Spend Matters would like to thank Frank Russo, CEO of Fabricating.com, for sharing his thoughts and learnings from a recent MIT Forum on Supply Chain Innovation.
From the trade press to the cover of Time magazine, the focus on the state of American manufacturing is replete with stories about OEMs bringing production back from overseas. Examples from Apple and GE or Levono announcing it will make tablets in the US provide momentum to the resurgence of American Manufacturing. But is re-shoring (bolstered by recent government-led initiatives) a trend - or a bona-fide supply chain strategy?
In his keynote address at the MIT Forum for Supply Chain Innovation held in March, Mike Molnar, the Chief Manufacturing Officer for NIST, emphasized innovation as the key to our resurgence in manufacturing. He presented the Institutes for Manufacturing Innovation (IMI), supported by $1b from the current administration, to address “the missing middle”: that space where manufacturing innovation transfers from theory to practice. IMI’s are like “industrial commons” where ideation and collaboration among academics, government and the private sector leads to innovation in materials development, manufacturing processes, and business processes.
But is innovation alone powerful enough to drive the decision to re-shore manufacturing? Compelling presentations by Prof David Semchi-Levi, MIT Engineering Systems Division, and Prof Morris Cohen, The Wharton School, UPenn, focused on factors that provide the underlying rationale for re-shoring as a supply chain strategy. Here is a summary:
- Landed cost/Cost of Ownership. There is a TCO calculator that's a good start, but every firms needs to build their own model with their own data
- Long lead times and the resultant impact on customer satisfaction and inventory
- Rising and shifting consumer expectations/time to market
- Rising labor costs in emerging countries
- Rising energy costs in emerging countries, decreasing energy costs in the US
- Increase in logistics costs (administrative, transportation and inventory)
- Increase risk (natural disasters alone cost $300b in supply chain costs in 2012)
- Importance of sustainability
- Unprecedented volatility (in energy and material markets especially)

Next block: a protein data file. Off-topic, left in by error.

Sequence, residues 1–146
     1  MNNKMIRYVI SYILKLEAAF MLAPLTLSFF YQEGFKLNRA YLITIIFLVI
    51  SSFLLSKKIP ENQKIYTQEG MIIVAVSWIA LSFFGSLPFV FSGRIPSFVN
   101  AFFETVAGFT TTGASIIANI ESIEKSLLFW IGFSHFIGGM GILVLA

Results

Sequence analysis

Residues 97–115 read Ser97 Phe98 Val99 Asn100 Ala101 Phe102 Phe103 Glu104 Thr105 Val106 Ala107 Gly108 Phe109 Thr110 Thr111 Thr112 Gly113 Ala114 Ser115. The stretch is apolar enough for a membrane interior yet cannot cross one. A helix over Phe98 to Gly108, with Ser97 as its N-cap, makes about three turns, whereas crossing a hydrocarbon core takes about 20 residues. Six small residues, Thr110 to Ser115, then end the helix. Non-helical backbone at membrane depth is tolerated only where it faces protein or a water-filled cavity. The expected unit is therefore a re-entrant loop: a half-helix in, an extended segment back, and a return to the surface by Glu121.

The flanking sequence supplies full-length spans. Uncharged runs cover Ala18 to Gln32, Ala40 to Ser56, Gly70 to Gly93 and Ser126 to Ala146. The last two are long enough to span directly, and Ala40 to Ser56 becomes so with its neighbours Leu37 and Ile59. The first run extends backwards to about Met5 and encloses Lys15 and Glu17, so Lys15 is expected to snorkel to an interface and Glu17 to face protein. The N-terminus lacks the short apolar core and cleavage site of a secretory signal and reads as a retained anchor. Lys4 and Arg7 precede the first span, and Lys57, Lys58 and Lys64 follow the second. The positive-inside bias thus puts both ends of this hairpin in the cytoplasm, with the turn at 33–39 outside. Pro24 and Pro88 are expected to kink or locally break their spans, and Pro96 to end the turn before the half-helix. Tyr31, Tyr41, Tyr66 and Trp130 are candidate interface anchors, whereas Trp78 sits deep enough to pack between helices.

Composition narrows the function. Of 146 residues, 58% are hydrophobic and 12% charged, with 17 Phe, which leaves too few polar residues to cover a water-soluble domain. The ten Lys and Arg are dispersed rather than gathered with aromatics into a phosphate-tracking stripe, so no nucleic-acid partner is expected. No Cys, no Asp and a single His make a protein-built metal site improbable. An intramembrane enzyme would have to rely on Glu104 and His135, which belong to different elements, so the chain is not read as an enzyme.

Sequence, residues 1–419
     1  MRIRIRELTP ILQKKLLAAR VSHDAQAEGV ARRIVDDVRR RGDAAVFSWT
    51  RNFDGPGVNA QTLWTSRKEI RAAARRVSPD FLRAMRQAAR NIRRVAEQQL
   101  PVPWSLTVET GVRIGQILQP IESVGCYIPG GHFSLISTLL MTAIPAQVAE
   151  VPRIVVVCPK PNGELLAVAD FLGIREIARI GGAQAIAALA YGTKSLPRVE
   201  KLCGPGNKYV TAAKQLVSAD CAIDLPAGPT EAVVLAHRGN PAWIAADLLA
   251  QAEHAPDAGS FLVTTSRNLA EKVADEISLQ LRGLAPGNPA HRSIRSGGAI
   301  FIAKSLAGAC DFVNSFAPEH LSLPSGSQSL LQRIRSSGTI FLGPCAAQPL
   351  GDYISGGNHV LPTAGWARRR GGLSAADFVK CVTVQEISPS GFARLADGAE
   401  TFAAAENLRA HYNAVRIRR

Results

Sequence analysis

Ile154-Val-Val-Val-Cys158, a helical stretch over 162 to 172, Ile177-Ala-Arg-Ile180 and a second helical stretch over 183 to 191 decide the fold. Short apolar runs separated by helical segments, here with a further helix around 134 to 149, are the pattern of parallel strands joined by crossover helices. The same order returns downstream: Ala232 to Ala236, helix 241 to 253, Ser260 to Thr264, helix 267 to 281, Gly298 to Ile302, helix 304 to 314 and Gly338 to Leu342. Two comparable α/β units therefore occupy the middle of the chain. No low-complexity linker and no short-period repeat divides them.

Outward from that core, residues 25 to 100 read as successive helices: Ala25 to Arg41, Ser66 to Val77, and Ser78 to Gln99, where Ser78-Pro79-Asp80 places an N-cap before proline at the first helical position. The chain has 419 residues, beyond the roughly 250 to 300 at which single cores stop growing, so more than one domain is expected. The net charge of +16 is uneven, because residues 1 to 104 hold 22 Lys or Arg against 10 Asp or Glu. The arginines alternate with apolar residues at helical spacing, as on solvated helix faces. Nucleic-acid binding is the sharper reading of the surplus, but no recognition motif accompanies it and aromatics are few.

- Government policies/regulation
- IP Protection
The powerful economic forces driving these factors will continue to favor re-shoring and near-shoring as competitive supply chain strategies. But a recent article by a group of AT Kearny associates poses two key obstacles to resurgence in US manufacturing: aging assets and aging workers. They cite research showing that US manufacturers favored investing in overseas operations over investing in upkeep and upgrading their own machinery and equipment. And the same holds true in growing the base of skilled workers to operate those assets.
Our experience at Fabricating.com indicates that buyers – large and small – are making a strategic decision to re-shore at least some if not all of their production. While many buyers tell us that “Made In The USA” pride is their initial impetus to source in the US, just as often buyers tell us that their offshore supplier failed to meet the promised delivery date, shipped parts that did not pass quality inspection, and even that a supplier sent an unscheduled price increase.
We also see the movement toward flexible manufacturing and additive manufacturing is enabling re-shoring by removing obstacles such as sunk costs for tooling. Recently, a buyer, whose offshore supplier missed a delivery date, needed stamped metal parts quickly to keep his production line operating. He was able to source these parts to a laser cutting supplier, eliminating the need for a stamping die set. The parts were delivered in a week.
Re-shoring is not a panacea, but it’s certainly a key strategy to proactively and continually re-evaluate as conditions change with demand, supply, product innovation, and process innovation. This constant re-evaluation of your supply network is just good supply chain practice.